Engaging First Year Undergraduate Students - A Blended Learning Approach

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A presentation delivered at the Learning & Teaching Conference at London Metropolitan University in 2009

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  • 1. A Blended Learning Approach Sarah Hosken - Senior Lecturer, HALE s.hosken@londonmet.ac.uk Amanda Wilson-Kennard Learning Technologist, TLTC a.wilson-kennard@londonmet.ac.uk Engaging First Year Undergraduate Students Learning & Teaching Conference 7th July 2009
  • 2. Context learning technologist course tutor 1 x learner aged 18 3 x learners aged 23 All living in London All living at home University-wide learning community Blackboard Vista (WebLearn)
  • 3. Tutors own experience Undergraduate experience New to academia Leading NEW course New relationships
  • 4. Student Experience 1st Year undergraduate BEd students Learning and seamless transitions Engage and encourage
  • 5. Methodology Blackboard tracking tools Informal interviews Threaded discussions Analysis of transcripts Online feedback
  • 6. Evolving Patterns of Use a lot to get my head around. It has grown on me. It takes time.
  • 7. Meeting Individual Needs
  • 8. Asynchronous Discussions You didnt feel like you were on your own as much.
  • 9. Sense of belonging in the same boat Spirit of collegiality Well done Hello everyoneHi All
  • 10. Informal language Good luck Mate All the bestGood luck with your observations Wish you all a very good placement Well done placement is going fab Positive and Supportive
  • 11. Dont worry Emotions Emoticons lol I feel like Im on top of the world I am pleased
  • 12. VLE or Facebook? Some Facebook features Addictive Non-secure Negative feelings Non-inclusive Solely social function
  • 13. Online Feedback Motivation for use: Assignments! Short term benefit: Able to work on assignments in small sections Achieve success in assignments Long term benefit: Sense of belonging through raised self-confidence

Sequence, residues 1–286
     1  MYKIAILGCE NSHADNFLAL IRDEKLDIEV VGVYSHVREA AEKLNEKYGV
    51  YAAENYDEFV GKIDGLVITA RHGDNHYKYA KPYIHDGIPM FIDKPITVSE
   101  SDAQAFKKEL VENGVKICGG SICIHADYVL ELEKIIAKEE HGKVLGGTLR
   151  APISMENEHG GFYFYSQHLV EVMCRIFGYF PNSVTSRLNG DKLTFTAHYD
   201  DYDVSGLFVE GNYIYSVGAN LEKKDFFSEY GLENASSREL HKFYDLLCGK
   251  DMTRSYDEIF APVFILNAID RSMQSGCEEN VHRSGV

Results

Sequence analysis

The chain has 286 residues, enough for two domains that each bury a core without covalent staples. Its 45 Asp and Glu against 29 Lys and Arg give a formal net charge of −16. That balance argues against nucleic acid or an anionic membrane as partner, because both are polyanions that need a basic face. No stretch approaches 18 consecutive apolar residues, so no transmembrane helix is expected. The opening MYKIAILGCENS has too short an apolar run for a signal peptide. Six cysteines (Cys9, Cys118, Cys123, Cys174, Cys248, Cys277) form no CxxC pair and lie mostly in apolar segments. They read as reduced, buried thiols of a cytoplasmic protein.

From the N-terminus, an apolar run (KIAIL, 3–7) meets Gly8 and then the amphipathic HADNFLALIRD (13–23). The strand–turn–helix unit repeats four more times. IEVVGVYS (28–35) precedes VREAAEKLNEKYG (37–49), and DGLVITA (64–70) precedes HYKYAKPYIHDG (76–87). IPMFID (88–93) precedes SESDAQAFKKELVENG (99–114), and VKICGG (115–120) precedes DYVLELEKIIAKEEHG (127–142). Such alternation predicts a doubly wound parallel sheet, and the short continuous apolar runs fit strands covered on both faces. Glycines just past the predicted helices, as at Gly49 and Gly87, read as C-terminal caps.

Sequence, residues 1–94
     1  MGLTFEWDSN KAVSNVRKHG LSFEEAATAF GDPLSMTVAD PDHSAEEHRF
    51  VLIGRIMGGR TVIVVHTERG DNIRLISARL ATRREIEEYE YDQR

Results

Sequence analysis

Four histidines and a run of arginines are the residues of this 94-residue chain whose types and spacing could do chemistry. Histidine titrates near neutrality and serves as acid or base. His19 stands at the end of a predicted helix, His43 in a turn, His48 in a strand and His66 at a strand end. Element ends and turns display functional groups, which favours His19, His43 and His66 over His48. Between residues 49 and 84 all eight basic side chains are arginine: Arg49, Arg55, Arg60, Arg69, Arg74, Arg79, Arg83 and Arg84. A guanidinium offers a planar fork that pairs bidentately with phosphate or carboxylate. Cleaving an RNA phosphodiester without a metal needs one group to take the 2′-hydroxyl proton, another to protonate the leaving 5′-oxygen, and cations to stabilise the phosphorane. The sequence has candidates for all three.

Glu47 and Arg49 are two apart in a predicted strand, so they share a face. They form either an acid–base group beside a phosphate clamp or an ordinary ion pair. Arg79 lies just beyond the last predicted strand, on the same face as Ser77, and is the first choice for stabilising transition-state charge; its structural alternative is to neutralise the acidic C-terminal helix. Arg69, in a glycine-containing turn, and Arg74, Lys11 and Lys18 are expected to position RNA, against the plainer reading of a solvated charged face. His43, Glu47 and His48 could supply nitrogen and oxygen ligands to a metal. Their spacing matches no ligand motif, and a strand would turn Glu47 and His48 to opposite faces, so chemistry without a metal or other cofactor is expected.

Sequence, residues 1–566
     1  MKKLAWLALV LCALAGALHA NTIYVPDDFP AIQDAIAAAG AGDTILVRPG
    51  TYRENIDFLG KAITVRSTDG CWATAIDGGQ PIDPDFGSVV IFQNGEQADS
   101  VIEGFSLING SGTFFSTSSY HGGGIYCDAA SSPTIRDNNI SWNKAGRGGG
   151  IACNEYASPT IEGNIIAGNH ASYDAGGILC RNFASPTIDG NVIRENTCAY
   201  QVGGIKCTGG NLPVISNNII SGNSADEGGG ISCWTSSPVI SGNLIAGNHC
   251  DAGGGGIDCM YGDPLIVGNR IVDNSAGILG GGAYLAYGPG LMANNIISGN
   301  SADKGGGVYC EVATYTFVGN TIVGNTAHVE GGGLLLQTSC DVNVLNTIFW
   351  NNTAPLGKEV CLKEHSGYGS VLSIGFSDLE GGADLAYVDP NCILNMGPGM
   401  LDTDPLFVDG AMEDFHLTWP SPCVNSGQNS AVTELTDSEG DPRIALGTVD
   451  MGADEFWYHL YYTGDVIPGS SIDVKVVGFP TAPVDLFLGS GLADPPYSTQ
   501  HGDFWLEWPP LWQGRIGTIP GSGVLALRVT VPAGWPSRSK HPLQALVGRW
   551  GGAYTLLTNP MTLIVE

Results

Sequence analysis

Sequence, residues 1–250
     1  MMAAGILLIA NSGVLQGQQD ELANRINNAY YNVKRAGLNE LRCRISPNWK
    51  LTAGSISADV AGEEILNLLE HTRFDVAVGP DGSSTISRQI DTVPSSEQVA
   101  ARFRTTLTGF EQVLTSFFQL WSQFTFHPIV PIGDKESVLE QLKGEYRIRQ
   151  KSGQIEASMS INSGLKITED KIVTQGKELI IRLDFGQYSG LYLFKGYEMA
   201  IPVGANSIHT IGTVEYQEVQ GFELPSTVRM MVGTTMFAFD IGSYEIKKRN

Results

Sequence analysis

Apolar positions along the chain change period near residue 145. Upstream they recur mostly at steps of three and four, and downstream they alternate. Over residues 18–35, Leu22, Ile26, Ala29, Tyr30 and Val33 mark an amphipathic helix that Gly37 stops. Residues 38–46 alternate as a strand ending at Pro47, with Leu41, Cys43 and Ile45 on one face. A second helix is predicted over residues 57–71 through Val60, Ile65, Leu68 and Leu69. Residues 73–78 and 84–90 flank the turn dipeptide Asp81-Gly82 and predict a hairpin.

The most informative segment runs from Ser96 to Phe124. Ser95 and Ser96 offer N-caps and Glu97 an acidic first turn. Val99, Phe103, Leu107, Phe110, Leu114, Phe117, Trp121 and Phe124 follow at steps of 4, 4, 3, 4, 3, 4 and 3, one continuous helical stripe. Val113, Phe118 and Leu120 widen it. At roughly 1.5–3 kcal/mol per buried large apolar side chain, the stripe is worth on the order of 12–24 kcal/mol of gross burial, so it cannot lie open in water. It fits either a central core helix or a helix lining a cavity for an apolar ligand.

• 14. Conclusions Link between sense of well-being and learning success Link between smooth transitions and student retention Virtual and face-to-face communications are mutually enhancing Tutor confidence and use of VLE impacts on student engagement with it
  • 15. Further Studies How does the language used reflect levels of engagement Longitudinal studies How do you sustain communication and collaboration over 3 year course
  • 16. References Ackerman, A. S. (2007), Blended Learning Ingredients: A Cooking Metaphor, Journal of Instruction Delivery Systems; Vol 22 (Edition No 3), pp 21-24 Aspen, L. & Helm, P. (2004), Making the Connection in a Blended Learning Environment, Educational Media International; ISSN 1469- 5790, pp 244-252 Bober, M. J. & Dennen, V. P. (2001), Intersubjectivity: Facilitating Knowledge Construction in Online Environments, Education Media International; ISSN 1469-5790, pp 241-250 Keller, J. M. (2008), First principles of motivation to learn and e3-learning; Distance Education; Vol 29 (Edition No 2), pp 175-185 Melton, B. Graf, H & Chopak-Foss, J. (2009) Achievement and Satisfaction in Blended Learning versus Traditional General Health Course Designs, International Journal for the Scholarship of Teaching; Vol 3 (Edition No 1), pp 1-13 Salmon, G. (2002), The five stage framework and e-tivities, in: E-tivities: The key to active online learning, London, Kogan Page